Image from page 92 of "Bell telephone magazine" (1922)
Title: Bell telephone magazine
Contributing Library: Prelinger Library
Digitizing Sponsor: Internet Archive
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Fraud is a costly drain on everybusiness. Only by an alertmanagement and a carefully plannedprevention program can it be keptunder control. Here are some basicrules for prevention that have provedsuccessful in the Bell System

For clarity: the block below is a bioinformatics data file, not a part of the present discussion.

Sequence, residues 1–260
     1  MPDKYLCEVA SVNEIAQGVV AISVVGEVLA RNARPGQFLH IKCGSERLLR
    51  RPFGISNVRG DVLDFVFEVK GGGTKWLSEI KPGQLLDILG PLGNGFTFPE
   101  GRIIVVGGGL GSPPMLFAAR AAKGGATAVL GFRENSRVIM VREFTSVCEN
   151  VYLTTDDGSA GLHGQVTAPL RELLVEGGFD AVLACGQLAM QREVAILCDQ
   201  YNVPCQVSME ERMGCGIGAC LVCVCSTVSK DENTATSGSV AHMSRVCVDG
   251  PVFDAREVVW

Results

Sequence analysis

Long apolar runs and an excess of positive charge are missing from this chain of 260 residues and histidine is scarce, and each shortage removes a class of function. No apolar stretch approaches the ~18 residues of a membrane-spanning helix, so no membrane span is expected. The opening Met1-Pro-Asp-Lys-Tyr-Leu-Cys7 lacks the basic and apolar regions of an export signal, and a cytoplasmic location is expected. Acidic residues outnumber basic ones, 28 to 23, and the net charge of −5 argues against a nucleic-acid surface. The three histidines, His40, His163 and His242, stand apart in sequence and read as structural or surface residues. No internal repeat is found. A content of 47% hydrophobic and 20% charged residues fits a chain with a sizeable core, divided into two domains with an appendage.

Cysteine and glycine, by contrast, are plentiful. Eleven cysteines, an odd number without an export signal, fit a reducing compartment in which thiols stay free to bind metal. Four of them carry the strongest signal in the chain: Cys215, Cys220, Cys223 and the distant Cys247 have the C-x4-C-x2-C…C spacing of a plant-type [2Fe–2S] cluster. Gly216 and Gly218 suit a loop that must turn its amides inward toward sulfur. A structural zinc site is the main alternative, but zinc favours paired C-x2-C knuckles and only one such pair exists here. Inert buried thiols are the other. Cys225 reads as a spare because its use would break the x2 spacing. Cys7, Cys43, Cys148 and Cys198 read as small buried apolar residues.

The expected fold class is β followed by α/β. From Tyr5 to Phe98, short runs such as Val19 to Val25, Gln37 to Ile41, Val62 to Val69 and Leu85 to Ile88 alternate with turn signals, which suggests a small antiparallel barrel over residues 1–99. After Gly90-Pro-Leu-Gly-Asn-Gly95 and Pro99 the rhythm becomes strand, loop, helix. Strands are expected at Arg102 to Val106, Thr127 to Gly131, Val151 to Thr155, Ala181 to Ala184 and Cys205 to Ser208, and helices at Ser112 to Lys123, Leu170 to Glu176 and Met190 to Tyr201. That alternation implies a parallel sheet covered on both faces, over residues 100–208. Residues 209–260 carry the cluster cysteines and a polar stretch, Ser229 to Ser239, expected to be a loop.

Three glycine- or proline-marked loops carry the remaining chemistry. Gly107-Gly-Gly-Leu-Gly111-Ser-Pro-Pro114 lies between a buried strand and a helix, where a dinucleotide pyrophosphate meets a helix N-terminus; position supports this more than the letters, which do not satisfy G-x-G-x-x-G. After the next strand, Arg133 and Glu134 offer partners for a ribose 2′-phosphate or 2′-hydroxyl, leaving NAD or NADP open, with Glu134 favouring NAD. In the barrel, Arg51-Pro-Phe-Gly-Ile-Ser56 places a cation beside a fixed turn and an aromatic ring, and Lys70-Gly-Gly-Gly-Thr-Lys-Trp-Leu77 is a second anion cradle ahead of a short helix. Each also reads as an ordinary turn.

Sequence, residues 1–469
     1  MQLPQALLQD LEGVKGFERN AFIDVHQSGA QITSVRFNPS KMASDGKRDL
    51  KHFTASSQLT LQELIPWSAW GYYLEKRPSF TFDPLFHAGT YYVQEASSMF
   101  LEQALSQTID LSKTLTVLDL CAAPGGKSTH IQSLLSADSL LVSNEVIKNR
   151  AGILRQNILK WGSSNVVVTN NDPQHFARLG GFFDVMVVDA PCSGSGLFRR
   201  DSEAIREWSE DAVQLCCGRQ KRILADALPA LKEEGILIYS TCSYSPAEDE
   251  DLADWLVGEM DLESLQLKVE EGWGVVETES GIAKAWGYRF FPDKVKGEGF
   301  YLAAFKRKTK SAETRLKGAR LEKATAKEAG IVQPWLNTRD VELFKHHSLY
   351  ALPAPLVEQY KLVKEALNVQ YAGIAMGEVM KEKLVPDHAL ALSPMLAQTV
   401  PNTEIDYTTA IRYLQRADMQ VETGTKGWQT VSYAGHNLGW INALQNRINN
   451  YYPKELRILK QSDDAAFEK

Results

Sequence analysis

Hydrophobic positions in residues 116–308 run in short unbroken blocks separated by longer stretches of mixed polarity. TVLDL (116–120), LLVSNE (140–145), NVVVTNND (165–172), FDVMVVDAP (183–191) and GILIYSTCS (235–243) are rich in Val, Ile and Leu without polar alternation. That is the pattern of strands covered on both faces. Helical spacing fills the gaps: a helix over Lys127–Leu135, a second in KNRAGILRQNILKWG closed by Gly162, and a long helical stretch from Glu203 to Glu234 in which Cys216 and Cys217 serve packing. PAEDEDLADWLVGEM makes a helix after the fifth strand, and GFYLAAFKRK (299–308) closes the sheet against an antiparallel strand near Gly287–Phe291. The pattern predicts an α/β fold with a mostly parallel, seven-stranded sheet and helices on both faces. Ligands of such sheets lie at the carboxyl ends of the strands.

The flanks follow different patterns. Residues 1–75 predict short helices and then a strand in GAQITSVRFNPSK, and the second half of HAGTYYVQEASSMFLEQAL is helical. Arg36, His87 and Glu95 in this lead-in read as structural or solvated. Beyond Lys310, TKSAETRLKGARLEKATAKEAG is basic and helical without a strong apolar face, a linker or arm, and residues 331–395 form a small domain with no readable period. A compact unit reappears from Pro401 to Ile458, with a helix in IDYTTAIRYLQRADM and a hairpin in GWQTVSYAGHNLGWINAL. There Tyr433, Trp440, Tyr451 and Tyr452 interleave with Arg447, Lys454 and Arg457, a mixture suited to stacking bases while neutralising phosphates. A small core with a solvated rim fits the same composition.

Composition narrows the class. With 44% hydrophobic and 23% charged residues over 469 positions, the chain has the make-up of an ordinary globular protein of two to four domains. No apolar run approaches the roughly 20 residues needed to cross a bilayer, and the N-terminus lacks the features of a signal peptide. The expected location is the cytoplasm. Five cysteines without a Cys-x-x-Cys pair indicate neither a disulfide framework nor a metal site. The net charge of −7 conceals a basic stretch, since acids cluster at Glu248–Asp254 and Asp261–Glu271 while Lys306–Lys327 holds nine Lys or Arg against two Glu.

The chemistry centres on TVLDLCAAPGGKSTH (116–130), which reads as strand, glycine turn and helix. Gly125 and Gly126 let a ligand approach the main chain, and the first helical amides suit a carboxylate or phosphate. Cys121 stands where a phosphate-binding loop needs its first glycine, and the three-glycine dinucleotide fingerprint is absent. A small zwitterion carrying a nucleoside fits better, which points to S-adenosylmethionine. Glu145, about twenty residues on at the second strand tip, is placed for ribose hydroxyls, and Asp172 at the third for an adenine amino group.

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Donald F. MacEachem, Chief Accountant Comptrollers Department, A.T.&T. Co. ■ All businesses are faced with fraudon the part of some of their employ-ees, customers, suppliers and others out-side the business. The telephone businessis no exception. Fraud is a costly propo-sition. In many lines of business, dishon-esty may be adding as much as 15 percentto consumer prices. The FBI reports thatlosses from fraud are three times as greatas the combined losses from all the bur-glaries, robberies, car thefts and bankhold-ups in this country. Known lossesfrom bank embezzlement in 1962 ex-ceeded nine million dollars whereas bankhold-ups resulted in losses of about two-and-a-quarter million dollars. Certainly fraud is now big business.It is no longer restricted to kiting, forg-ing or simple cash manipulations. Itoften involves extremely sophisticatedfalsification of large volumes of recordswith the result that the records them-selves cannot be relied upon as a meansof uncovering fraud. The
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